Nearly 60 prospective jurors were picked from another 240 people screened on Monday for the life-or-death sentencing of convicted mass killer Nikolas Cruz.
This batch of jurors could be the latest group or the first of many more to be chosen for the sentencing phase.
The state started the day with a motion to strike about 250 jurors already chosen from more than 1,200 during the previous six days of jury selection, citing a procedural error.
Broward Circuit Judge Elizabeth Scherer granted the state’s motion but also agreed to hear on Wednesday the defense team’s argument to keep those jurors.
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Depending on which way the judge rules, there could be about 310 of 1,420 jurors chosen so far or just those chosen Monday. Jury selection continues Tuesday and Wednesday.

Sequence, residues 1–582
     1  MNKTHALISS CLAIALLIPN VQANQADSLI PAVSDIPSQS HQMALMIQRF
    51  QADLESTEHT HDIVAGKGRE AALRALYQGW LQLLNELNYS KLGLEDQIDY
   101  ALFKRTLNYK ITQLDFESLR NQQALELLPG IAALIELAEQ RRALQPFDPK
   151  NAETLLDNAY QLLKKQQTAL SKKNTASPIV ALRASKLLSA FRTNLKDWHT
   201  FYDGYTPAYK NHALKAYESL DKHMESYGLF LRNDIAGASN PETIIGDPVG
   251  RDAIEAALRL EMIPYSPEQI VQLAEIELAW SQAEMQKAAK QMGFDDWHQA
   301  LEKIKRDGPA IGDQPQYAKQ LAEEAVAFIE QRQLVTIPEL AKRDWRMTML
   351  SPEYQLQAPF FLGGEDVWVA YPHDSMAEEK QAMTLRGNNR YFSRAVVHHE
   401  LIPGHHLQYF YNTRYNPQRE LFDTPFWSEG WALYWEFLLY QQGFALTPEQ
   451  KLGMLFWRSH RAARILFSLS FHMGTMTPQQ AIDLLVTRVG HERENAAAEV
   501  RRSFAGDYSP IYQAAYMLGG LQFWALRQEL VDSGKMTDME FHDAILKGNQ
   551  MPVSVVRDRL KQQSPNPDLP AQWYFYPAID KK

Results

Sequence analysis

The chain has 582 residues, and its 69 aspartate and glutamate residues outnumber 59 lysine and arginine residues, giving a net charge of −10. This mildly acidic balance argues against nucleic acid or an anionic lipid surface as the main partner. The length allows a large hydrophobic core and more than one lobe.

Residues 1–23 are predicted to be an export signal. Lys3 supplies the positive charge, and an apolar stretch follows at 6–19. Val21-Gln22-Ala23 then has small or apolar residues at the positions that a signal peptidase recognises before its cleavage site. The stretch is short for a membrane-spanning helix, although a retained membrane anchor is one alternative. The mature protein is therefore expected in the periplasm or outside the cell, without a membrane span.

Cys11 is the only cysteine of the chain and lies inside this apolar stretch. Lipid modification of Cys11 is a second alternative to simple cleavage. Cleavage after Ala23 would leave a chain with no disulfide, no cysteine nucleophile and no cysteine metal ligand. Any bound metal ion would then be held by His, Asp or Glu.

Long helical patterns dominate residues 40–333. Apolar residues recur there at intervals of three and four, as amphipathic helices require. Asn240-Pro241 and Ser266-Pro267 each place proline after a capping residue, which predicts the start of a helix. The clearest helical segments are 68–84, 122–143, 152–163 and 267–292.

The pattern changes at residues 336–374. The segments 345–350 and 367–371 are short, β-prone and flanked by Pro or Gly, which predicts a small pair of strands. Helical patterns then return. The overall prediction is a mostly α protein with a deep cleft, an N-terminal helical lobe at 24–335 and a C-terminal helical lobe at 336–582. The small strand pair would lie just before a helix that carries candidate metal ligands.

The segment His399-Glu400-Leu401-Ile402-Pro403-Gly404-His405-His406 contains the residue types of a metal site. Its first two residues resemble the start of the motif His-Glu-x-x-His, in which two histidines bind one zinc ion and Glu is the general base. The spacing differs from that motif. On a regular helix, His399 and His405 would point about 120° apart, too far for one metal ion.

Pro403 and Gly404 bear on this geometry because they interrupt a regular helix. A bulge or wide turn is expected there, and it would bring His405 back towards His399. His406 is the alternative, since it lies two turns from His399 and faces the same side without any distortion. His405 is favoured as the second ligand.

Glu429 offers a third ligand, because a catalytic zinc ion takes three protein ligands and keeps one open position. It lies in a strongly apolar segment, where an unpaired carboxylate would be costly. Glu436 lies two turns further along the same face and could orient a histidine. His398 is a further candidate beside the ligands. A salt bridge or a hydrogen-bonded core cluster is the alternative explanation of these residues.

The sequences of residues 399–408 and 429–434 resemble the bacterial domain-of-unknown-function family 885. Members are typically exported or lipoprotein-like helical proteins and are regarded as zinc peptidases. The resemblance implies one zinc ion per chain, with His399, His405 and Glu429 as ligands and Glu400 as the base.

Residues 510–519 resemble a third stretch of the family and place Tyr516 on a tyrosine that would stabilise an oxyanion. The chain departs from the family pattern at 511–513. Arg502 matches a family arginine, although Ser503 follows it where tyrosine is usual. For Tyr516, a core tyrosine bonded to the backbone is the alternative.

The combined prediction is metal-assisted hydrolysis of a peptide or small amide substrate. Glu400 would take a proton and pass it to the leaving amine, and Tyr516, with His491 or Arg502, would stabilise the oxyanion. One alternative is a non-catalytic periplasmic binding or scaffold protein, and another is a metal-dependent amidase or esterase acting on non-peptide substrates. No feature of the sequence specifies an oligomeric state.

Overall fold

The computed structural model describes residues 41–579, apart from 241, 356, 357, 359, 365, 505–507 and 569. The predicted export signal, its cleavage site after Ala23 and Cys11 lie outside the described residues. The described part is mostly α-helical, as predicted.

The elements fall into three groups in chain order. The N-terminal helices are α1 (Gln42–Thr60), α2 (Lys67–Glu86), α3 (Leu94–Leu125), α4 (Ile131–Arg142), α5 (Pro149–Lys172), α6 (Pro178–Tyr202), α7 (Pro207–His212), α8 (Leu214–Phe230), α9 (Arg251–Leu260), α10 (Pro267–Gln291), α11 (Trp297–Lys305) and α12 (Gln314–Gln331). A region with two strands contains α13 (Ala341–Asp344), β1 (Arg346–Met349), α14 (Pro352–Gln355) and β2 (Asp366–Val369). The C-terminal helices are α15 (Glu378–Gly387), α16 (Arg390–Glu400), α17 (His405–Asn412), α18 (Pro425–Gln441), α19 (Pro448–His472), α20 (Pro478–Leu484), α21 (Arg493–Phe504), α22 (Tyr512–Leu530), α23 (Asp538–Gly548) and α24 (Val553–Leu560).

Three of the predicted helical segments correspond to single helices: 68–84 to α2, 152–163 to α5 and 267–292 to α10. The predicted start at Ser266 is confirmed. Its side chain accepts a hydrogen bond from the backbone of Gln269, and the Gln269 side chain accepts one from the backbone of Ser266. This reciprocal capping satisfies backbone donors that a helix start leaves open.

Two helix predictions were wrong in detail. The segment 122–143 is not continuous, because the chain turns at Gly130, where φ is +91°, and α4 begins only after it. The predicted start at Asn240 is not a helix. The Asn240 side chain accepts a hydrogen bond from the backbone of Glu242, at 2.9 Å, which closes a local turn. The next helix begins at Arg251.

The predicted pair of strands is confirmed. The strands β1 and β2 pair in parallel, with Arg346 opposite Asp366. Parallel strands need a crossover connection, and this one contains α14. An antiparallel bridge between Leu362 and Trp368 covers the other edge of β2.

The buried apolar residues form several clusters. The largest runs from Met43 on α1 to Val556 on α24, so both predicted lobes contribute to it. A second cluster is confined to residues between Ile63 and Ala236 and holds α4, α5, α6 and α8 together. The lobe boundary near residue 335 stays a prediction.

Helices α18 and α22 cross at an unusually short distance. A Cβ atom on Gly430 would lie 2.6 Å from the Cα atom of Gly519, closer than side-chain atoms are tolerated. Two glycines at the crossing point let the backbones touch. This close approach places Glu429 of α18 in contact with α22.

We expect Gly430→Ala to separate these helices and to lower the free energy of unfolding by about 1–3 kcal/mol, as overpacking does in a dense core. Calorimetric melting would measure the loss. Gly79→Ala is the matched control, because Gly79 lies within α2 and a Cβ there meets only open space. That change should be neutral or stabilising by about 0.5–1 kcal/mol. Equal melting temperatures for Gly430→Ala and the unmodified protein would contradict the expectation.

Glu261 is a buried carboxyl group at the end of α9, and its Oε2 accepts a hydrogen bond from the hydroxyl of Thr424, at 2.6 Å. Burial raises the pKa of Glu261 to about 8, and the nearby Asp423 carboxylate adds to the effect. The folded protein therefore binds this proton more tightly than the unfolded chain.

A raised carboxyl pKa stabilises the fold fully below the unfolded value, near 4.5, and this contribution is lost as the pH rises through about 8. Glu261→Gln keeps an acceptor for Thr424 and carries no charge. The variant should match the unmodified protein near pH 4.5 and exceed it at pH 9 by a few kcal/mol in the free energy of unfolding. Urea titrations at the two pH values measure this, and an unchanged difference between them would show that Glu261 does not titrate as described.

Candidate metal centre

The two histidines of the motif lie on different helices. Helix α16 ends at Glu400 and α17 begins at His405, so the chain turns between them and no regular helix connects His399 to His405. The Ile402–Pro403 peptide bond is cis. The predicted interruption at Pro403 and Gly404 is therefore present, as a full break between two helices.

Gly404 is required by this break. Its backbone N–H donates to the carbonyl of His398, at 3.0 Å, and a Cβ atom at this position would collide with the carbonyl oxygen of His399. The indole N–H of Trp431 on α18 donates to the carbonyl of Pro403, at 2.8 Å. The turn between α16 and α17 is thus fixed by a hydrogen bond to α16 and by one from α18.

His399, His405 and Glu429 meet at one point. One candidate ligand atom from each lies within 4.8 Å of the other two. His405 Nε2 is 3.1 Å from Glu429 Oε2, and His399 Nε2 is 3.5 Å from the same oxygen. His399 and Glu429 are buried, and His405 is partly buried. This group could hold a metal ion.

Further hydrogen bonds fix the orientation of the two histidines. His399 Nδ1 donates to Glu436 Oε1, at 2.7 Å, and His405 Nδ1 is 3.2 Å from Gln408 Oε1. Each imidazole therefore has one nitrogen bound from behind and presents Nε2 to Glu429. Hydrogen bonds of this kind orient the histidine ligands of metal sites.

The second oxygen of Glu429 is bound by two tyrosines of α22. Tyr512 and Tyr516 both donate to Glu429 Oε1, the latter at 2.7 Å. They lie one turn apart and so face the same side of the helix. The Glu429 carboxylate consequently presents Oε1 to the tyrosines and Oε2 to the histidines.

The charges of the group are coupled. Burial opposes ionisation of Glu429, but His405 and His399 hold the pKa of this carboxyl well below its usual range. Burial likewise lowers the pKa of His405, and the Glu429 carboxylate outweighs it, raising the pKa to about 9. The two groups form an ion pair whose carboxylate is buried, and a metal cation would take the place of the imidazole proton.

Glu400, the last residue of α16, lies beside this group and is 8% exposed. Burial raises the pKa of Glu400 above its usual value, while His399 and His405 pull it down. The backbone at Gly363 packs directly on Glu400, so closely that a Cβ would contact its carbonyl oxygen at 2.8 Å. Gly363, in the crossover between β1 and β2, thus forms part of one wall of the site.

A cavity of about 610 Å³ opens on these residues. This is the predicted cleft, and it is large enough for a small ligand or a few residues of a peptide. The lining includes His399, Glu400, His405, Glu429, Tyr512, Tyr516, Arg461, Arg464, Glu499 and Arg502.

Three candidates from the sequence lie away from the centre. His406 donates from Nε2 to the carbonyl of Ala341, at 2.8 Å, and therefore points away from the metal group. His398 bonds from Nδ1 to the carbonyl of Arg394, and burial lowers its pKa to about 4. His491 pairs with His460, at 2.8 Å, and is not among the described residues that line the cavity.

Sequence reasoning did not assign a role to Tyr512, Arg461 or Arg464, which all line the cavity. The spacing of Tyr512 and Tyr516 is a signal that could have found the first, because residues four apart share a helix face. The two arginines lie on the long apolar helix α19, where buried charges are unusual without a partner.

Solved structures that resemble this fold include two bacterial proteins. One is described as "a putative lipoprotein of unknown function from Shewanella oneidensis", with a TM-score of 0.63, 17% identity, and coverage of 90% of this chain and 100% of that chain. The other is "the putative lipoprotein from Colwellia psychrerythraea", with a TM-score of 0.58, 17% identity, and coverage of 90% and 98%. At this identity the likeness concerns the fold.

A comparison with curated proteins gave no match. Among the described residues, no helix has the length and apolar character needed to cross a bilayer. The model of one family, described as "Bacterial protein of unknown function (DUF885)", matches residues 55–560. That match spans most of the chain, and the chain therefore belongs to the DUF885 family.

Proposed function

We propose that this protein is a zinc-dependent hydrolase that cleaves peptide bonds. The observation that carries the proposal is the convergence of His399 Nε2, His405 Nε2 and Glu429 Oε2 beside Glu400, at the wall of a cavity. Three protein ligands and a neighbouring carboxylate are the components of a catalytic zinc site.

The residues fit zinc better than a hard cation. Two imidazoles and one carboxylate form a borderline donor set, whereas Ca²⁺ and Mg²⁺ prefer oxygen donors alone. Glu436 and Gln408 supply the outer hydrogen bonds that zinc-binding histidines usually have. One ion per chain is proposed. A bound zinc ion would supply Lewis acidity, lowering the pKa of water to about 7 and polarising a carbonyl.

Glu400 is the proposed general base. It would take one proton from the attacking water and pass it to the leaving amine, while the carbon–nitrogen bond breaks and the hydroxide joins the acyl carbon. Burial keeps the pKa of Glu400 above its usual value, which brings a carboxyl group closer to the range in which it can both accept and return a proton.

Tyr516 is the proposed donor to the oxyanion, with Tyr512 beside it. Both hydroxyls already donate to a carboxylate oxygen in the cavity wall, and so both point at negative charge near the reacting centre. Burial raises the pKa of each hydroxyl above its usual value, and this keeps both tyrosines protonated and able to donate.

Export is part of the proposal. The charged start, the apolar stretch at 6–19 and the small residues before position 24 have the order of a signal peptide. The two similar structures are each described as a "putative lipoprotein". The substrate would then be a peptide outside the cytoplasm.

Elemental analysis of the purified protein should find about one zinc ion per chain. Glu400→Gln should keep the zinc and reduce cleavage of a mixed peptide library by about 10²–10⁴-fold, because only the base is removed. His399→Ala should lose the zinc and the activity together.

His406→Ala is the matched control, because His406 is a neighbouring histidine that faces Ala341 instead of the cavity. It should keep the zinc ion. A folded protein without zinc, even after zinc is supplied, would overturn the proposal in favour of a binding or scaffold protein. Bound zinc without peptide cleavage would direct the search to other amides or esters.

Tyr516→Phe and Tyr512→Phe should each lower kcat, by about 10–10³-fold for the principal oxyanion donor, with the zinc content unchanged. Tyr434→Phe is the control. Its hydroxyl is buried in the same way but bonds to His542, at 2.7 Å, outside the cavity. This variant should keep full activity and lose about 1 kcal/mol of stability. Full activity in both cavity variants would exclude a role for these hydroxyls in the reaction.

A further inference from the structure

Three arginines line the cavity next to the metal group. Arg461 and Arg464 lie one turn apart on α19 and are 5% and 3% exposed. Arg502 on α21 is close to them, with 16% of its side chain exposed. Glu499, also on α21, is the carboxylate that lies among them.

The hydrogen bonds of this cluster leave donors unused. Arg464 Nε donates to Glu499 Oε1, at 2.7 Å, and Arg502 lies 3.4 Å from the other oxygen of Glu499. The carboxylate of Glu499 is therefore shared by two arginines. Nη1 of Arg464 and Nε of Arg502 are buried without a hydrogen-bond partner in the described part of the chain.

Eleven jurors abruptly left the courtroom April 5 after raising their hands and indicating they "could not follow the law" where the sentencing choice was life in prison or the death penalty.
One of those prospective jurors was questioned later that day and dismissed. The other ten had left the courthouse by then.
They were to be summoned back to court April 25 to be questioned again but because of an unspecified miscommunication the judge said those ten would not come to court until next week.
That prompted the prosecution's motion to start fresh.
At one point during Monday’s procedure a jury candidate was asked what she did for a living and she answered that she ran a stable for about 25 horses.
Judge Scherer asked her, rhetorically, “Do you want to trade places?” It was greeted with rare laughter.
Two other women left the courtroom apparently upset on Monday. More than a dozen people have done so since the jury selection began April 4.
Cruz pleaded guilty to 17 charges of murder and 17 of attempted murder following the mass shooting at Marjory Stoneman Douglas High School in Parkland on February 14, 2018.